Week 20

8 - 14 October
Psalms 93 - 99, Ezekiel 21 - 35, 1 & 2 Peter, Proverbs 22

8 October
Ezek 21 - 221 Peter 1
9 October
Ezek 23 - 241 Peter 2
10 October
Ezek 25 - 26 1 Peter 3
11 October
Ezek 27 - 281 Peter 4 - 5
12 October
Ezek 29 - 312 Peter 1
13 October
Ps 98Ezek 32 - 332 Peter 2
14 October
Ezek 34 - 352 Peter 3


Psalm 93 praises God and proclaims his reign, holding creation and God's kingdom together.  God orders his creation, maintaining its stability through his lordship.
Psalm 94 reminds us that judgement and vengeance belong to God, not to us.  The psalmist appeals to God to judge the wicked, lamenting their arrogance and wrong doing, and rebuking the foolish.  It is a useful reminder to us that it is God who is ultimately responsible for justice.
Psalm 95 starts with a hymn of praise.  It then warns the people not to repeat the sin of the wilderness generation (Exodus 17.1-7, Numbers 20.1-13), where the people tested God, making demands on him.  In the wilderness, Jesus overcame the temptation to rely on demonstrations of God's power, instead relying on God's word (Matthew 4.1-11).
Psalm 96 proclaims God's reign to the nations in a joyful song of praise.
Psalm 97 continues the theme, showing how God's power is shown throughout creation.  God's reign is a reign of righteousness.
Psalm 98 was the basis for Isaac Watts' hymn 'Joy to the world', often sung at Christmas.  The psalm is a hymn praising God for his salvation.  Early Christians chanted this psalm as a way of expressing their joy at the salvation brought to them in Jesus.
Psalm 99 is also a hymn of praise for God as king over all, who loves justice and righteousness, and is holy: "Hallowed [holy] be thy name."

Ezekiel 21 - 35

The Historical Background to the Old Testament prophets.

The seemingly inevitable slide into the abyss continues for Judah.  God is acting through Nebuchadnezzar in judgement on the king, Zedekiah, and the people.  The city of Jerusalem and its inhabitants are corrupt, and judgement is overdue.
Chapter 24 is a major turning point.  It is January 588 BC, and the siege of Jerusalem has begun.  This is what Ezekiel's prophetic actions and words have pointed to.  At this time, his wife died also, but he was not to mourn.  The prophet himself became a sign for the people.  When the city and temple fall, there will be no rites of mourning will be adequate in the face of total disaster.  The city fell in January 585 BC, and the temple destroyed some four or five months later.
Chapters 25 - 32 concern God's judgement on the nations.  On the one hand, the nations are seen as the agents of God's judgement on Israel; on the other, they too have failed to heed God's word.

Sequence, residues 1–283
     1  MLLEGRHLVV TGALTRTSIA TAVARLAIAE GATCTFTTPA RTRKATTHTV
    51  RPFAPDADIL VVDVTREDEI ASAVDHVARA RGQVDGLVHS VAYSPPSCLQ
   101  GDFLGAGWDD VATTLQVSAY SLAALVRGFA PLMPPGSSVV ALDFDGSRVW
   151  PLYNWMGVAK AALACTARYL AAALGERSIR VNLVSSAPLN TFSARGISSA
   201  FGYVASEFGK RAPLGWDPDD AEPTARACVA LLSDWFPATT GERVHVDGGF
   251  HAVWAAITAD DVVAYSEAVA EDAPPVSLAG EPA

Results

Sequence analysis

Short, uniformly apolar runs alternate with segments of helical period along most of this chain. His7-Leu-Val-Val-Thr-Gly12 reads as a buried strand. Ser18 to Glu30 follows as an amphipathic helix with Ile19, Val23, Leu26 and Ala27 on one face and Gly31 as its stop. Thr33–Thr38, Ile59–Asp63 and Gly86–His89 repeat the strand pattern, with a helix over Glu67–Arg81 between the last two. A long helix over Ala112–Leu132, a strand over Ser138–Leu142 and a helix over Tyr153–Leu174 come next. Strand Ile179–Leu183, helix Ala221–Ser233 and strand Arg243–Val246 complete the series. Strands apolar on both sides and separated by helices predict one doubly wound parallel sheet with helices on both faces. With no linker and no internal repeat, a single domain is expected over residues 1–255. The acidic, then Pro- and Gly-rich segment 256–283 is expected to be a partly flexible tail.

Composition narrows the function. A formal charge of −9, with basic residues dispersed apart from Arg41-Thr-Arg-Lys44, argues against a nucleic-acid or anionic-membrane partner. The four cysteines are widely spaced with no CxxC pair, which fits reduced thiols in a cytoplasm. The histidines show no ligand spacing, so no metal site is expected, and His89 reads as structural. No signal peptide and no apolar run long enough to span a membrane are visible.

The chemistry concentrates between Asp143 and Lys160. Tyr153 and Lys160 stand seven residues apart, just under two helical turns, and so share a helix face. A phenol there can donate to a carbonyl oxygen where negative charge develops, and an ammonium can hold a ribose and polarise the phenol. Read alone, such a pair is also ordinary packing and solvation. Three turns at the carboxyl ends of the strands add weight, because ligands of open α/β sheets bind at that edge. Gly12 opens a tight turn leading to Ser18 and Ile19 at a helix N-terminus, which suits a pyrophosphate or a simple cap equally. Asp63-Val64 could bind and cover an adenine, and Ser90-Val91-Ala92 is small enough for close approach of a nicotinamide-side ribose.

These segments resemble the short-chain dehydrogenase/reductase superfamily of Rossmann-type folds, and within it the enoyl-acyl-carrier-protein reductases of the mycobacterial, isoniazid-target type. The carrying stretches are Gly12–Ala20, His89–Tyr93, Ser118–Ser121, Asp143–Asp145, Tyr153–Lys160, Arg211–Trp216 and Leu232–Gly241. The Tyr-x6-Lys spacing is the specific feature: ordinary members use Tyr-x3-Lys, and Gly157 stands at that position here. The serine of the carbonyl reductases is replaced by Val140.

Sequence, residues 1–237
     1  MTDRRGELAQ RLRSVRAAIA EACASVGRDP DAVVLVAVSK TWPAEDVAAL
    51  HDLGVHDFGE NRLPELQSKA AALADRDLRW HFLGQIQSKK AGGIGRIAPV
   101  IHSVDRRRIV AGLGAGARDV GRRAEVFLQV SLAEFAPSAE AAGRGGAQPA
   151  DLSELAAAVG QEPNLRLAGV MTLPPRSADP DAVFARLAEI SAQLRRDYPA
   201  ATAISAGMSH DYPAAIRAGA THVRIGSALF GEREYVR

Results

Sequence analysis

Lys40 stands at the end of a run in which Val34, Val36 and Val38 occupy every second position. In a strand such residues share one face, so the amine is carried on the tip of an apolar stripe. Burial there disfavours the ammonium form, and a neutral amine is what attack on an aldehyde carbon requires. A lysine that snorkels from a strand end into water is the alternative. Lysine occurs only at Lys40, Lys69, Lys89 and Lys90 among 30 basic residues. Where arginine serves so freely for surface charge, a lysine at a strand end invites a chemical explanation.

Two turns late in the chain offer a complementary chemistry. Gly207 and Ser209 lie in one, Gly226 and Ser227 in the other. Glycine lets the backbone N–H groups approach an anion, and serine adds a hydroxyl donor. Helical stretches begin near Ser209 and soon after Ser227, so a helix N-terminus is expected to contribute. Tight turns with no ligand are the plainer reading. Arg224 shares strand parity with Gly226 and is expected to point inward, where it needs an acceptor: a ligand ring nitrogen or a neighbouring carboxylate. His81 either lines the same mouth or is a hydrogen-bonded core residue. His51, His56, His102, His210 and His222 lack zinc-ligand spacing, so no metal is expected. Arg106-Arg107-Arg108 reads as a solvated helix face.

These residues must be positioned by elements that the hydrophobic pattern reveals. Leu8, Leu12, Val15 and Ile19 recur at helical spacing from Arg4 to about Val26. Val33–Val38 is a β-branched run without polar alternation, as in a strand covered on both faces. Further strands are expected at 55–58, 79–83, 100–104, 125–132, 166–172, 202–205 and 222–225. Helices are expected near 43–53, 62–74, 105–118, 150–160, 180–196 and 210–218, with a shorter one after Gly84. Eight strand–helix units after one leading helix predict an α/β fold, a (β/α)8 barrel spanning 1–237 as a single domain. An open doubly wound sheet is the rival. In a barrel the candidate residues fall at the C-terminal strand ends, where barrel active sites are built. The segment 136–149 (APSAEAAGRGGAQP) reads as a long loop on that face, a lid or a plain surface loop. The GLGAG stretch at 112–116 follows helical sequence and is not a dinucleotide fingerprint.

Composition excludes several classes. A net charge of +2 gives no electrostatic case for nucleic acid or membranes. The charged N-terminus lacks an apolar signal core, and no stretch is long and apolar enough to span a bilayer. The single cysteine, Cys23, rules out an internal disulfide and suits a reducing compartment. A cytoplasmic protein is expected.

Chapter 33 tells of the fall of Jerusalem, and marks the end of the first part of Ezekiel's prophetic ministry.
The following chapters begin to look forward to the future, and to the possibility of restoration.

1 Peter

This is an early Christian letter, written by a 'fellow elder' (5.1).  It locates the author and those with him in 'Babylon' which was often used by first and second century Christians as a pseudonym for Rome.  The Silvanus and Mark referred to in the letter may well be Paul's associates (see for instance Acts 15), suggesting that the author and those with him were Christian missionaries who worked with Paul and Peter in Rome.  It may have been written down from the dictation of the apostle Peter, although it is more likely that his name was used to give it apostolic authority.
It is likely that it was a general letter directed to Christians living in Asia Minor (modern Turkey), who were in danger of losing their faith in the face of harassment and hostility.  They are reminded that they cannot just go back to where they were before becoming Christians.  Christ, the suffering servant of Isaiah 53, did not respond to insults, but trusted in God.  His suffering and subsequent exaltation and glory are the pattern and hope for Christians.  

2 Peter

This book is not related to 1 Peter in language, style or content.  The author clearly knew some of Paul's letters, Jude and some of our gospels.  We do not know when it was written, or to whom, although it is probably late first century or even early second century.
The purpose of writing is to correct misinterpretations of Paul's letters, and to safeguard the faith.  Although it is written as if by the apostle Peter, it actually looks back to the time of the apostles, warning against false apostles who distort the genuine apostles' teaching.  These false apostles deny Jesus' return, perhaps as a consequence of the deaths of the apostolic generation without it happening.  Jesus will return, bringing about a judgement resulting in the destruction of this world, when the righteous will be taken into glory with God.

Proverbs 22

The first half of this chapter is a collection of unrelated sayings about reputation, wisdom, the power of money and God's providence.  The second part introduces a new collection of wisdom sayings.

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